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Brandon Belt would be an ideal fit for the Brewers, according to “rival executives”

He is owed a good chunk of change over the next two seasons, however.

Pittsburgh Pirates v San Francisco Giants Photo by Lachlan Cunningham/Getty Images

The Milwaukee Brewers will need to figure out what to do at first base for the 2020 season, and they are reportedly considering a number of different options. They’ve kept in contact with Eric Thames after somewhat surprisingly declining his club option for next season. The club has been linked to outfielders Kole Calhoun and Avisail Garcia, and if one of them is added, it would allow Ryan Braun to soak up plenty of innings at the cold corner. Per Robert Murray, some “rival executives” have also weighed in on the matter, and they seem to believe that Brandon Belt of the San Francisco Giants would be an ideal fit for the Menomonee Valley Nine.

Belt, who turns 32 next April, has been a consistent presence in the lineup for the Giants for the better part of the last nine seasons. Since making his big league debut back in 2011, the former 5th-round pick has established himself as a steady, reliable hitter from the left side of the plate — he owns a career .261/.354/.448 batting line with 129 home runs across 4,221 plate appearances, which adds up to a 121 wRC+. Belt is coming off a bit of a down year in 2019, however. In 156 games for the Giants last season, he hit .234/.339/.403 with 17 home runs. That came out to a 99 wRC+, the first time in his career that he finished below the league average offensively by that metric.

Digging a little deeper, however, there is a case to be made that Belt endured some poor luck last year. His BABIP was a mere .275, which is nearly 50 points below his career average (.322) and the lowest total he’s posted since his rookie year in 2011. This, despite posting the second-best hard contact rate of his career according to Fangraphs (40.7%). Belt has also established himself as a reliable on-base threat, walking in at least 10% of his plate appearances in each of the last five seasons, including a 13.5% BB rate last season. He doesn’t punch out excessively, either; he owns a career 23.3% strikeout rate and that number was a career-low 20.6% in 2019.

Belt’s overall offensive numbers have likely been suppressed by the home park he’s played in all these years, as well. Fangraphs has yet to publish their park factors for 2019, but in 2018, Oracle Park in San Francisco was the most difficult place in baseball for left-handed batters to hit home runs with a park factor of 83 (100 being average). Compare that to Miller Park, which had a park factor of 112 (!!!) when it came to left-handed home run hitters. There is a good reason that Slingin’ David Stearns has targeted so many southpaw swingers during his time in Milwaukee. Belt — who hits a high volume of line drives (24.9% career LD rate) and fly balls (43.6% career FB rate, including 46%+ each of the last four seasons), stands out as a likely candidate to see a significant boost to his power totals if he were to move to Milwaukee.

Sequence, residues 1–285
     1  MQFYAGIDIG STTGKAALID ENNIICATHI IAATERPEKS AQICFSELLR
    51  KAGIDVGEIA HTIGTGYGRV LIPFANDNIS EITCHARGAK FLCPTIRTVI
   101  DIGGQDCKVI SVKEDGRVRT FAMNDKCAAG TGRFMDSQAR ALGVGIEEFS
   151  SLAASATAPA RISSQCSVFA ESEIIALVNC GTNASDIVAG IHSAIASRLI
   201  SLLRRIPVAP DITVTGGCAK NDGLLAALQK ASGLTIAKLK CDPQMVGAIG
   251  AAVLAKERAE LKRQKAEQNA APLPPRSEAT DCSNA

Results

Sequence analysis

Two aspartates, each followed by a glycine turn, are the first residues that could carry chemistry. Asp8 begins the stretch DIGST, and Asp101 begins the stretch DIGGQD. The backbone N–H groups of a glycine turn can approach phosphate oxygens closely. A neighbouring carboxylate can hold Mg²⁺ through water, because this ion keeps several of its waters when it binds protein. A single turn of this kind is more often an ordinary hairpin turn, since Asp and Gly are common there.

Belt has rated very strongly on defense at the first base throughout his career, tallying +58 Defensive Runs Saved and +30.5 Ultimate Zone Runs in over 8,000 innings. Both of those totals are the third-best among all first the basemen in baseball since the start of 2011. Belt was valued at +4 DRS and +1.2 UZR at first in 2019, and solid defense on the dirt could be important to the Brewers in 2020 as the club figures to rely heavily on the likes pitch-to-contact hurlers Brett Anderson, Josh Lindblom, and Eric Lauer to eat up innings in the starting rotation next season. Belt has also appeared in 93 games in the corner outfield spots during his career, although he doesn’t rate very highly on the grass (-5 DRS, -4.4 UZR).

As Murray notes, Belt’s contract would likely serve as the biggest impediment to any hypothetical deal with cost-conscious Milwaukee. He is owed $16 mil in each of the next two seasons as part of the extension he signed prior to the 2017 season. With the Brewers reportedly looking to cut payroll from last year’s $120+ mil Opening Day number, the large-market Giants would likely have to agree to eat some money in order to facilitate a deal. Belt’s contract does mean that the prospect cost to acquire him isn’t likely to be very significant, however. Also worth noting is that Belt has missed a good amount of time with concussions during his career, suffering at least four diagnosed traumatic brain injuries while with the Giants.

There is no specific evidence that the two sides have discussed a deal, but those “rival executives” appear to be right — Brandon Belt does look to be a solid candidate for the Brewers to stick at first base next year.

Statistics courtesy of Fangraphs